Former Brewers slugger Prince Fielder adorns the cover of ESPN The Magazine’s “Body” Issue, which comes around on July 11. You may have already heard that, surprise! He’s partially nude. Well, pretty much totally nude except for certain private parts.
You know what? Prince is cool with his body, and he’s not afraid to show it. More power to him.
When I first saw the images of Fielder in a faux-swing pose and resting a bat on his shoulder, my immediate reaction was: No, thanks!! Change the channel! Frankly, I have to agree more or less with Elaine in that Seinfeld episode “The Apology,” in which she makes clear to Jerry that walking around naked is not a good look for a man. “The female body is a work of art. The male body is utilitarian; it’s for gettin’ around. It’s like a jeep,” she advises Jerry and George.
But maybe American society has put a stigma on the male body, conditioning us to think of male nakedness as “lumpy” and “simian” like Elaine did. Perhaps Fielder’s bold turn as a male model will help shatter some of our taboos about naked men as explicit, obscene or debased. Certainly I wouldn’t want naked men roaming the streets, but in certain contexts male nakedness shouldn’t be shunned while female nakedness is celebrated as inherently artistic and divine.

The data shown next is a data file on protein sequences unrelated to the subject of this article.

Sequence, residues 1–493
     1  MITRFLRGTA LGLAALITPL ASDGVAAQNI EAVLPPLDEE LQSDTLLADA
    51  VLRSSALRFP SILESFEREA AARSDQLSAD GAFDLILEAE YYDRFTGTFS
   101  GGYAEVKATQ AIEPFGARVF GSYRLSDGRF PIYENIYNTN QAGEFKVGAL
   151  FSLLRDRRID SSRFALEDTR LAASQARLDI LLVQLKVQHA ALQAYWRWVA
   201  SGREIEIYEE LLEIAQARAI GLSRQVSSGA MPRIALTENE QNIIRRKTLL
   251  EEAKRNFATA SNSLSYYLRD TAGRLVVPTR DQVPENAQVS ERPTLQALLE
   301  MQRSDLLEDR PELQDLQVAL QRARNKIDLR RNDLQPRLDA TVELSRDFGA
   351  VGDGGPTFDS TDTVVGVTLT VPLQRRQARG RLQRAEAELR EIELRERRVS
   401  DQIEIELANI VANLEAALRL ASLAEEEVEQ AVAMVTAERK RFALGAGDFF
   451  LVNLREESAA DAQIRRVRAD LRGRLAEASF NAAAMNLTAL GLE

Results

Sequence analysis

In addition Fielder’s willingness to show himself to the public helps break down stereotypes of what an athlete is “supposed” to look like. As he says in an interview, “You don’t have to look like an Under Armour mannequin to be an athlete.” By extension, men don’t have to look like your typical athletes to be attractive or accepted by society.
Despite all of the catcalls and criticism about his body over the years (which, let’s face it, have often been cruel in tone) Fielder had never gone on the DL until 2014. Unfortunately he’s slated to miss most of the season this year with neck surgery, but his iron-man status until this year proves that there’s no absolute prototype for the body of an athlete. It takes all kinds, from the David Ecksteins and Scooter Gennetts of the world to the Fielders and Bartolo Colons.
As much as people may be put off by the sheer nakedness in the “Body” issue, it’s pretty remarkable that ESPN would be willing to do something so daring. Even in 2014, many people disagree with Fielder. They think that if a person is big, he or she can’t be an athlete, or at least have their doubts.
I say kudos to Fielder for opening up to the world and being willing to shed the shackles of stereotype and gender expectations. People should be who they are and not try to force their bodies into resembling society’s unreasonable and unrealistic simulacra of fashion magazines and movie stars.